Pirates of the Caribbean:
On Stranger Tides
By Sr. Rose Pacatte, F.S.P.
In this fourth “Pirates of the Caribbean” film, Captain Jack
Sparrow is once again trying to escape from the British – this time causing
pirate-style chaos right in the center London. He carriage-surfs, much to the
delight of the audience. He must discover who is impersonating him and how to
find a ship, since the Black Pearl has been sunk, while checking in with his
dad (Keith Richards) before shoving off.
This time, it is imperative that he beat the Spaniards and
his pirate nemesis Barbarossa (Geoffrey Rush), who has a legitimate commission
from King George to find the fountain of youth, before anyone else.
Sparrow ends up on the ship run by the pirate Blackbeard
(Ian McShane) and his supposed daughter, Anjelica (Penelope Cruz). Sparrow and
Anjelica know one another and they spend the film sparring with one another as
much as everyone else.
The film actually addresses themes of religion,
superstition, fantasy, redemption through mankind’s endless search for eternal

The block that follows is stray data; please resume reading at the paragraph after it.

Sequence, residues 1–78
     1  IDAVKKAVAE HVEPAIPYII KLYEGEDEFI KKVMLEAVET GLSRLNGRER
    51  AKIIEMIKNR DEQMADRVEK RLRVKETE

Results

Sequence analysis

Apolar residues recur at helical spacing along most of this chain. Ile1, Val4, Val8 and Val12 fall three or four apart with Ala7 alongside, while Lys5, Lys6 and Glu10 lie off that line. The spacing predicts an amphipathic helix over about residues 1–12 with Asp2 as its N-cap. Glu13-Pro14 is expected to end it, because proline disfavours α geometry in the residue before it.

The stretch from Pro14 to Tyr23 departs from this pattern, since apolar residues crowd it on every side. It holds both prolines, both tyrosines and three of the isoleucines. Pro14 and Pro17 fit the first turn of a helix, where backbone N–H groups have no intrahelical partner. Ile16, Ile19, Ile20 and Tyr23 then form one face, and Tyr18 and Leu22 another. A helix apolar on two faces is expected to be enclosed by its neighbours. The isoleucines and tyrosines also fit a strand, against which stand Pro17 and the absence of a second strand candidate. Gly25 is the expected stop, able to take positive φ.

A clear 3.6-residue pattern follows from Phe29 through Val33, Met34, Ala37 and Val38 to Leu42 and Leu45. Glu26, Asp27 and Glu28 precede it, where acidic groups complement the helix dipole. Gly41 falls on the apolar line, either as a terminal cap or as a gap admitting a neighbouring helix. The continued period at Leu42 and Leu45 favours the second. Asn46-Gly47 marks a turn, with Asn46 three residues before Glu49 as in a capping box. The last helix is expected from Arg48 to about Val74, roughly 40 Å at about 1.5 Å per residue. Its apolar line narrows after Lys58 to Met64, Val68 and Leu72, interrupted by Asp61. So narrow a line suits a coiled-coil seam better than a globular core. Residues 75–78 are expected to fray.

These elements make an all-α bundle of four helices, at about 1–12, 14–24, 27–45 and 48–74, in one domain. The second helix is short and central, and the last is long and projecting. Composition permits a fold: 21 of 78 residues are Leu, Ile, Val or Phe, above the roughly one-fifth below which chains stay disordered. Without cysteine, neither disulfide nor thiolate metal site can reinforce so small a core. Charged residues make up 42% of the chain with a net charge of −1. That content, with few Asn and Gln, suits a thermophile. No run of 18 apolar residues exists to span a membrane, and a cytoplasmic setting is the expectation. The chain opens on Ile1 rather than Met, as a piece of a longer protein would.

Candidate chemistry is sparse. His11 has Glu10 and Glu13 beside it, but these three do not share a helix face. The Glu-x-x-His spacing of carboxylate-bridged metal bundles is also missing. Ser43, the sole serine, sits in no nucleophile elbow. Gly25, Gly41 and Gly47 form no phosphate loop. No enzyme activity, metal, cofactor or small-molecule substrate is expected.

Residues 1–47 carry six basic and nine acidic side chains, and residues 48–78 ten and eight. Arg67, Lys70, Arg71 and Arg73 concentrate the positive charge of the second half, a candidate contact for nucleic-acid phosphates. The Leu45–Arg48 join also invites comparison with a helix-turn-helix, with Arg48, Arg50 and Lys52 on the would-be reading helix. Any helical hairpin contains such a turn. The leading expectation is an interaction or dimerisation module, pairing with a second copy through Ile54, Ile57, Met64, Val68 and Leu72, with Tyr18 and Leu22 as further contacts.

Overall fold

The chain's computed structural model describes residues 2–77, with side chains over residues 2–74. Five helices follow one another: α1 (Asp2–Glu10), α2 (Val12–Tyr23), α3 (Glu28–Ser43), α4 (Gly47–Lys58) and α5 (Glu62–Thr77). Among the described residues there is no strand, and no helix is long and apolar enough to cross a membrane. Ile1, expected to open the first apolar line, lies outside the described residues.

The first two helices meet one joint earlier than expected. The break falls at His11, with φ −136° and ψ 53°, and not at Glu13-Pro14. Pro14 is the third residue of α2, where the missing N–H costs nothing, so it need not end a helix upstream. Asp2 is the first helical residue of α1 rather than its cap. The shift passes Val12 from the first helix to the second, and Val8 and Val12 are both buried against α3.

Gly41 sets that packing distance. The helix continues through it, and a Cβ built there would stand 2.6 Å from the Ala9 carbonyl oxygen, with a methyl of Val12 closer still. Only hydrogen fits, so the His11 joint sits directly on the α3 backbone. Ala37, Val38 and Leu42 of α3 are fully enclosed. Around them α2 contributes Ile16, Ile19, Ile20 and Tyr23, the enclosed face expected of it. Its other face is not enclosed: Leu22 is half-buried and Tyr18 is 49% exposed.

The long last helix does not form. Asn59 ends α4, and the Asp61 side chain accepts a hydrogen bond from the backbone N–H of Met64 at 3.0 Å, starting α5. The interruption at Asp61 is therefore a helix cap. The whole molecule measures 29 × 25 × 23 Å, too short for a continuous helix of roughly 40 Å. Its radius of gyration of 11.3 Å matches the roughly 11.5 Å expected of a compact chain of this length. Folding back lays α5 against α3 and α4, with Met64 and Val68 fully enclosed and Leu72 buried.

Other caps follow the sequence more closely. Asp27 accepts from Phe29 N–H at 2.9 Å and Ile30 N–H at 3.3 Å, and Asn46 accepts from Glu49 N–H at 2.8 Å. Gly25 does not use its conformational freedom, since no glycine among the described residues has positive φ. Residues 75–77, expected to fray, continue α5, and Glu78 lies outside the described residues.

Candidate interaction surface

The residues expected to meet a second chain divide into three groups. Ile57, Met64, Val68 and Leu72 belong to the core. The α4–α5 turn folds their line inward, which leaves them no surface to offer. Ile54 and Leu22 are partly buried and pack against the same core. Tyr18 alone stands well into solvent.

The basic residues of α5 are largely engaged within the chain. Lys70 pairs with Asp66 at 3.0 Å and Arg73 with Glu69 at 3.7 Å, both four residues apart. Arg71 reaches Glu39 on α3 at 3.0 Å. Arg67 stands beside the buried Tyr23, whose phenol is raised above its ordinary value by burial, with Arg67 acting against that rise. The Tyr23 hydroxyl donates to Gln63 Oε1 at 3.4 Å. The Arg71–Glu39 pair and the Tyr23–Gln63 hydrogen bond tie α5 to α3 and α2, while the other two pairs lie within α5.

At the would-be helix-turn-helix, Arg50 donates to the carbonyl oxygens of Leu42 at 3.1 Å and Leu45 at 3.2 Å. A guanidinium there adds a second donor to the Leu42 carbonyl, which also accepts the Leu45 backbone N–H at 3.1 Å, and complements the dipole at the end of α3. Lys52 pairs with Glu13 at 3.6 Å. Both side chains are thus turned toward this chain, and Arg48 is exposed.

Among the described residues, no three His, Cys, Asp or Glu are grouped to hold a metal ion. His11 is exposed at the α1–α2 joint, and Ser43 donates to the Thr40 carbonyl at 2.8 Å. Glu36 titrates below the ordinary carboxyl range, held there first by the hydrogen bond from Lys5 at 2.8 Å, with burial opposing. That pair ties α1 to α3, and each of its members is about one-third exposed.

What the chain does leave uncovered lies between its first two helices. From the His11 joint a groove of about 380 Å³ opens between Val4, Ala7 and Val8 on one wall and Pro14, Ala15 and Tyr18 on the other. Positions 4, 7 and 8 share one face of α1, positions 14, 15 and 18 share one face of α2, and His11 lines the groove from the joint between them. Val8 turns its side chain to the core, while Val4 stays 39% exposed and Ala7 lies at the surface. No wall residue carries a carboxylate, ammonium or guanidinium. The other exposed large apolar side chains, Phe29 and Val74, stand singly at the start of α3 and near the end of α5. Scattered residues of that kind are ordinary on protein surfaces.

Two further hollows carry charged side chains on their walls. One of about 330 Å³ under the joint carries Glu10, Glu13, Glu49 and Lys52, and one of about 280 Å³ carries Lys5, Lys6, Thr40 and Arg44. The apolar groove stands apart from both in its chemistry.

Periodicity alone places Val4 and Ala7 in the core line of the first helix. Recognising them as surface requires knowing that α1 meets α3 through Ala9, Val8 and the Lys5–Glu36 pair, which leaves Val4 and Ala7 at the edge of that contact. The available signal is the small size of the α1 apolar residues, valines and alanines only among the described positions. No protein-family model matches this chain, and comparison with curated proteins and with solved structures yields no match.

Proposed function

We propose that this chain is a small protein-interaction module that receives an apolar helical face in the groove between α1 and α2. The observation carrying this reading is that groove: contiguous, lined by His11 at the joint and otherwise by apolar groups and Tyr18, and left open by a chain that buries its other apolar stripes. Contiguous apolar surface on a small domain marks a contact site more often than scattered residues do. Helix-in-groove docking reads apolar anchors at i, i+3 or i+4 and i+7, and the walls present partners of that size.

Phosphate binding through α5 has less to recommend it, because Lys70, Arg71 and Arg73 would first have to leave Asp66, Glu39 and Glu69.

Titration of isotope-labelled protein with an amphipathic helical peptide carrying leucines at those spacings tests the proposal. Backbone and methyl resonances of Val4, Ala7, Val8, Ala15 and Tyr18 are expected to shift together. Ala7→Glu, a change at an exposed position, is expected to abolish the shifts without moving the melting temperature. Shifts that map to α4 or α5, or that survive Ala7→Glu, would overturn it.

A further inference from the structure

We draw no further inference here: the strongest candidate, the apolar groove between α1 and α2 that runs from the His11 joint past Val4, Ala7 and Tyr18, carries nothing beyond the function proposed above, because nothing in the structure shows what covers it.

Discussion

youth so as to avoid death. There’s commentary
on clerical missionaries and celibacy, but I am not sure how serious this is
meant to be. The voodoo doll, that everyone knows is superstition, calls for
some conversation between parents and children, just to make sure they
understand it as a comic device rather than a supernatural way to control
Any other film might get bogged down in details or a
message, but “On Stranger Tides” keeps tying the themes up with weaving rope
and sails – literally. The scenic effects, special effects, and art direction
express the complex craft of making a highly entertaining multimillion dollar
film that keeps our attention from the opening scene.
There are not many female characters in the
Pirates of the Caribbean franchise, and it is interesting to analyze their
roles in the stories. This is why you must stay with this film until the last
credit rolls, or you might get the wrong idea about who really wins the day.
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